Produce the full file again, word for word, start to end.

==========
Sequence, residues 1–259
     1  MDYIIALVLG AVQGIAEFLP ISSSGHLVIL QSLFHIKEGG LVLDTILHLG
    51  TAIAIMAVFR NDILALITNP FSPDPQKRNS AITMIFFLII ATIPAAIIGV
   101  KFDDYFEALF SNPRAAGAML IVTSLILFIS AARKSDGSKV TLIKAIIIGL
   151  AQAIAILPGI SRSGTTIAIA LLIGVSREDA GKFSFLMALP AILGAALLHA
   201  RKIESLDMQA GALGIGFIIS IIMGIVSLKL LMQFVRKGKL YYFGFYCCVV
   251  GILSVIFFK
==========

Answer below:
Sequence, residues 1–259
     1  MDYIIALVLG AVQGIAEFLP ISSSGHLVIL QSLFHIKEGG LVLDTILHLG
    51  TAIAIMAVFR NDILALITNP FSPDPQKRNS AITMIFFLII ATIPAAIIGV
   101  KFDDYFEALF SNPRAAGAML IVTSLILFIS AARKSDGSKV TLIKAIIIGL
   151  AQAIAILPGI SRSGTTIAIA LLIGVSREDA GKFSFLMALP AILGAALLHA
   201  RKIESLDMQA GALGIGFIIS IIMGIVSLKL LMQFVRKGKL YYFGFYCCVV
   251  GILSVIFFK